LBOs are generally handled by the financial sponsor group or the leverage group, even when they go through the process of IPO-ing and refinancing themselves.
Fallen angels, meanwhile, will probably be handled by the same relationship manager who looked after them when they were investment grade borrowers.
EuroWeek: So none of the banks have started to put 'Head of Cross-Over Credits' on their business cards?
Swift: No, but on the other hand certain banks have developed interesting mid-cap strategies with teams identified to handle such clients. Leveraged teams in many banks have for some time had within them groups dedicated to handling mid-market deals.
Leech: I also doubt that we will see banks setting up separate departments looking after the cross-over market in the foreseeable future, because cross-over credits are still not regarded as an asset class in their own right. But I do think that the market requires very specific skills because we are often talking about very unusual situations.
Baines: At some stage banks will have to start asking if they are properly organised to handle the cross-over market, because at the moment I don't think they are. They tend to be organised in silos which means they really struggle with some of the deals that are neither fish nor fowl but have components of project finance, real estate or leverage. Eventually banks are going to have to adapt to the changes in the market.
EuroWeek: What is the outlook for the cross-over market in 2006?
Leech: In terms of supply this has so far been very much a UK-driven market, so I would expect to see more activity in Europe. I would certainly welcome an increase in supply from markets such as France and Germany, because I believe that the cross-over segment has been part of the UK market for the last 20 years. What this market needs now is more geographical diversification.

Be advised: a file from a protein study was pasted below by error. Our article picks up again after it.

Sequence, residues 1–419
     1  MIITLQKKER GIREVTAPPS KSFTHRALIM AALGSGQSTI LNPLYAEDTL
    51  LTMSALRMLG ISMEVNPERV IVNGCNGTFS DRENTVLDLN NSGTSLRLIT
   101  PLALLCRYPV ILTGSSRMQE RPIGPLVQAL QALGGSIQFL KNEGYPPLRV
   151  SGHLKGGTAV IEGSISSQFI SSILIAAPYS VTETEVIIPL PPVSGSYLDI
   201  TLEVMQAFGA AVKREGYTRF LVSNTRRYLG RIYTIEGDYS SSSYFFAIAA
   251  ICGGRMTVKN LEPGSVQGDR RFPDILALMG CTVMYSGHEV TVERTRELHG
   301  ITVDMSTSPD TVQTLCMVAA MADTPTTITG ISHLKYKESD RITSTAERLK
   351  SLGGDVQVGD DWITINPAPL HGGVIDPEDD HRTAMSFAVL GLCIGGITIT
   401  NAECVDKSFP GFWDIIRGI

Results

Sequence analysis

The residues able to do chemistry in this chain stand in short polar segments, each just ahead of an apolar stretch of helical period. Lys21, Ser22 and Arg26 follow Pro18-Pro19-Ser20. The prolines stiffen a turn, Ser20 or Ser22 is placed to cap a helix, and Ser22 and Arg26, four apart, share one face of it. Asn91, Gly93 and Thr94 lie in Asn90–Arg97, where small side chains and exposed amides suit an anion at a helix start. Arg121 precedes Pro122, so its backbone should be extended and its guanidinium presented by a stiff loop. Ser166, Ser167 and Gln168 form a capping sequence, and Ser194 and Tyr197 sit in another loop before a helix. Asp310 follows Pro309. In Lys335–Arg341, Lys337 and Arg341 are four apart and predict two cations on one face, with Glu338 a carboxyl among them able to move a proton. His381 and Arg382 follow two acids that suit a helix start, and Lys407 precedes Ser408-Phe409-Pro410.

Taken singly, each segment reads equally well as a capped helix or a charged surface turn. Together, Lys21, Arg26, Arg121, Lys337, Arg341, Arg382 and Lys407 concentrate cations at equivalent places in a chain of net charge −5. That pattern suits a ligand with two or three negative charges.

Watters: As corporates become more growth-oriented and focus more on expansion opportunities we would expect the number of non-sponsored leveraged companies in the rated cross-over space to grow.
At the same time, we anticipate some tightening of liquidity conditions in the leveraged market during 2006 that should discourage sponsors from doing dividend recap deals in favour of paying down debt and seeking exits by way of sales to strategic trade buyers. This would certainly increase the number of credits migrating into the cross-over space.
EuroWeek: To wrap up, it would seem that in the absence of a major interest rate shock or some other
external bombshell, buoyant demand in both the loan and the bond markets will leave companies in the cross-over space more or less spoilt for choice in terms of their funding options?
De Carne: They do indeed probably have a wider array of competitively priced options than ever before.